The World Split OpenAdmiring the cosmos carries certain risks in these contentious times. It sounds like piety. It sounds, more specifically, like an argument for intelligent design. Oddly, great areas of science are closed off from consideration by people who take themselves to be defenders of science, precisely because it is impossible not to marvel at the things science reveals. Controversy has not gone well in this country for some time, and there could be no better illustration of that fact than that, at this moment, when gorgeous hypotheses bloom day after day, when the heavens should be as wonderful for us as to the Babylonians, we refuse to look up from a quarrel we’ve carried on now for 150 years. Anyone who reads an occasional article on genetic research knows that both change and stability are more mysterious than the simple mechanisms of Darwin, championed by writers such as Richard Dawkins, can acknowledge.  On the other hand, anyone who has read a little good theology, or encountered a devout mind, is perfectly aware that religion does not hang on the question of the origin of species. I have read that there are great spiral structures in space so vast that no account can be made of them, no hypothesis made to describe their formation, and they appear somehow to have their own weather, so to speak. to what can we compare these things but to the mind that discovered and described them, the human mind, which, over the centuries, has amassed by small increments the capacity for knowing about them.  Planet earth is not even a speck of dust in the universe, and how uncanny it is that we have contrived to see almost to the edge of what time and light will allow, to look back billions of years and see suns forming.  When I read about such things, I think how my own heroes would have loved them.  What would Melville have done with dark energy, or Poe with spooky action at a distance? Whitman could only have loved the accelerating expansion of the universe. Dickenson probably knew already that our sun is atremble with sound waves, like a great gong.  It is a loss of the joy of consciousness that keeps us from appropriating these splendours for the purposes of our own thought.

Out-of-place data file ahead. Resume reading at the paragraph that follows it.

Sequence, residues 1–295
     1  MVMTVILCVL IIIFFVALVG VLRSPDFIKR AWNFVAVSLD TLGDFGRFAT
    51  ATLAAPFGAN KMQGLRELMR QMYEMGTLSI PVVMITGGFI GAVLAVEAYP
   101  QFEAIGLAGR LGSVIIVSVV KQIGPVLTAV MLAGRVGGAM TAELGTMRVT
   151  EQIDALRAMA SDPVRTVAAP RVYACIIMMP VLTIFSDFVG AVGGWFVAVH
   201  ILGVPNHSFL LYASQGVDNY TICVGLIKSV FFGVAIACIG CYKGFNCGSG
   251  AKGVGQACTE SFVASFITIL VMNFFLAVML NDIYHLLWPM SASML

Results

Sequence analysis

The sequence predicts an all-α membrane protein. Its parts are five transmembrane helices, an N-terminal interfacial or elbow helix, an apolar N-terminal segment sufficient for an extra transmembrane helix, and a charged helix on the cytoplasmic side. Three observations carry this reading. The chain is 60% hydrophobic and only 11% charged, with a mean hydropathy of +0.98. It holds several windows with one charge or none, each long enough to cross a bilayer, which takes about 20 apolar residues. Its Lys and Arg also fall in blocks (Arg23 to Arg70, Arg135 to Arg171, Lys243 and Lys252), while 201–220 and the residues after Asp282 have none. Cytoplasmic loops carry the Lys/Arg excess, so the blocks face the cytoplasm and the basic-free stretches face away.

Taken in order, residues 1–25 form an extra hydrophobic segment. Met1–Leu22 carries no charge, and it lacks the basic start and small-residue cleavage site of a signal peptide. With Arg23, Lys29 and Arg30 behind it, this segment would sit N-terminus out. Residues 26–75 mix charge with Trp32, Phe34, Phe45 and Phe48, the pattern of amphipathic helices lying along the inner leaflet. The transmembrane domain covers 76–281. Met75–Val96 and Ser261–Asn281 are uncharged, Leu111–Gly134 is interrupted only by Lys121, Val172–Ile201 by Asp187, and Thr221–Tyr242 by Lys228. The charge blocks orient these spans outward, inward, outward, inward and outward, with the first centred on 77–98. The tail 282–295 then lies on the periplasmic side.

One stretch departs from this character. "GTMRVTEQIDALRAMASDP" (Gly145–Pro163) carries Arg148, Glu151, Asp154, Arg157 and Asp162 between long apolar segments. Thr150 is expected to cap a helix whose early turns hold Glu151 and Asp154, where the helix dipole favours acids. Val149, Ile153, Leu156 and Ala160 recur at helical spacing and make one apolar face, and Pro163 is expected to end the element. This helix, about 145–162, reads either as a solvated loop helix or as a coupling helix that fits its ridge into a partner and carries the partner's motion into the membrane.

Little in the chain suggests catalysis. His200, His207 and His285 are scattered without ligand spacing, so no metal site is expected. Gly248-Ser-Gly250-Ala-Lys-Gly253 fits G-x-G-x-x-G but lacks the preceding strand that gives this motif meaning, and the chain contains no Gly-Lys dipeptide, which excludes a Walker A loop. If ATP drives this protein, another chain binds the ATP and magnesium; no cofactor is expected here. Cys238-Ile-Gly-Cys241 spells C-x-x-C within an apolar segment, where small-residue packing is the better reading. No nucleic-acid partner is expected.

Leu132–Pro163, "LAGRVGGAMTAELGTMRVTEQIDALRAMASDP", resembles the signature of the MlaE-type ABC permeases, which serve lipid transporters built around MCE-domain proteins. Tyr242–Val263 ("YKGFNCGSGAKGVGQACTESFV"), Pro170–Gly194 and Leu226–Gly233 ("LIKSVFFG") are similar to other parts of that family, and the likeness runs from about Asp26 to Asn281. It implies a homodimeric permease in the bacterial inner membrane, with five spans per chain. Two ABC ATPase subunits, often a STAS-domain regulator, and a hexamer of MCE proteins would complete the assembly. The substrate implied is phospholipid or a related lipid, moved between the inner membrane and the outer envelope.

Marilynne Robinson, Portland Arts and Lectures, January 19, 2006

What would happen if one woman told the truth about herself?

The world would split open.

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